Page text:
The past market developments have shown us that the spirit and beer industry are always preferable investments compared to the lower margin wine industry. Thus, in the past I’ve recommended investing in companies like Beam Inc. (BEAM), Diageo Plc (ADR) (NYSE:DEO) or Anheuser-Busch Inbev SA (ADR) (NYSE:BUD). However, there is one total alcohol company, known for its premium wine brands Robert Mondavi, Ravenswood and Arbor Mist, which has turned from a slow paced uncertain stock, to an interesting investment option. The talk is of Constellation Brands Inc. (NYSE:STZ), and investment gurus Andreas Halvorsen (Trades, Portfolio) and Eric Mindich (Trades, Portfolio)’s recent acquisition of the company’s stock makes me think there is a bright future ahead for this firm.
A Scenario-Changing Acquisition
Previously, earning most of its profits through the fragmented and crowded wine segment, Constellation was having a difficult time generating excess returns for its shareholders, as well as retaining customers loyalty. With fierce industry competition from peers like Willamette Valley Vineyards Inc. (NASDAQ:WVVI) and Vina Concha y Toro S.A. (ADR) (NYSE:VCO) constantly pressing on margins, the company made the wise decision to shed its low-margin brands and restructure its distribution network, in order to boost long-term profits. Furthermore, the firm’s spirit portfolio, including Svedka vodka and Black Velvet Canadian whiskey, enjoys stronger brand loyalty and higher margins, but still lacks the scale and pricing power of competitor Brown-Forman Corporation (NYSE:BF.B).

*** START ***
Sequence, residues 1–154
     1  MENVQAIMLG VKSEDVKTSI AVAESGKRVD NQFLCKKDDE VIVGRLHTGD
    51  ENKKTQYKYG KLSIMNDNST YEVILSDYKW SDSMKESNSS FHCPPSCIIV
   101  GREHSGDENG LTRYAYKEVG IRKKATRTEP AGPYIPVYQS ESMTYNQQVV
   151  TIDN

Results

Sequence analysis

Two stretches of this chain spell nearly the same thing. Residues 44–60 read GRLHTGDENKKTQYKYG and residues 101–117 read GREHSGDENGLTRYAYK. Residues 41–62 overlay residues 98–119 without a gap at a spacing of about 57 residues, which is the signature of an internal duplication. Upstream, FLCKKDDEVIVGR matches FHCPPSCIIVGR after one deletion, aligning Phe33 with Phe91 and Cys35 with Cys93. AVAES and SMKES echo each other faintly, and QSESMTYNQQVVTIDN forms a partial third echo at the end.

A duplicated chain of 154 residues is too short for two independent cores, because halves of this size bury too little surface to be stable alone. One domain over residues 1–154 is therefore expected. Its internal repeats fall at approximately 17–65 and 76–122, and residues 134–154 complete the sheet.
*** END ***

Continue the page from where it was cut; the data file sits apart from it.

Therefore, I consider Constellation’s $4.75 billion purchase of the remainder of Crown Imports joint venture to be a very wise move, which will strongly improve the company’s competitive position in the high profit domestic beer market. By acquiring the Piedras Negras brewery, as well as the brand rights for the popular Modelo beers, the firm now enjoys a narrow economic moat. Crown only supplies 6% of all beer consumed in the U.S., but its brewery accounts for 40% of imported beers, including Corona Extra, Modelo Especial and Corona Light (three of the top 20 brands). Moreover, these intangible assets should allow the firm to out earn its cost of capital in the medium-term future, thereby boosting returns. Looking forward, Constellation will continue to invest $600 million in its brewery, hoping to double its capacity and improve profitability. This should also allow the firm to pay off its current debt in less time.
Constellation’s acquisition of Crown is bound to boost 2012’s weak financial results, boosting the negative 8.3% revenue growth to a positive 5%, as the beer business’ volume growth and pricing power will offset the modest top-line growth in the wine and spirits segment.
Furthermore, the previous average operating margins of 18% will increase substantially to a solid 32% by 2017, due to logistics savings from the brewery’s production capacity, as well as its ownership. With earnings outgrowing the current cost of capital, returns on invested capital will jump from 2012’s 5.10% to well above 20%, making the company overall more attractive to shareholders.
Despite the risk of sales declines triggered by a possible recession in the U.S., and the high debt levels which are expected to remain over the next two years, I feel bullish about Constellation's long-term future. With management’s $1 billion free cash flow target by 2017 in mind, debt payment shouldn’t be an issue, and the current EPS of $3.17 will hit the $5.14 mark by 2017. Furthermore, with the stock currently trading at an attractive 54% price discount relative to the industry average of 19.2x, I believe investors would be wise to buy this company’s shares now, before the price drives up.
Disclosure: Patricio Kehoe holds no position in any stocks mentioned.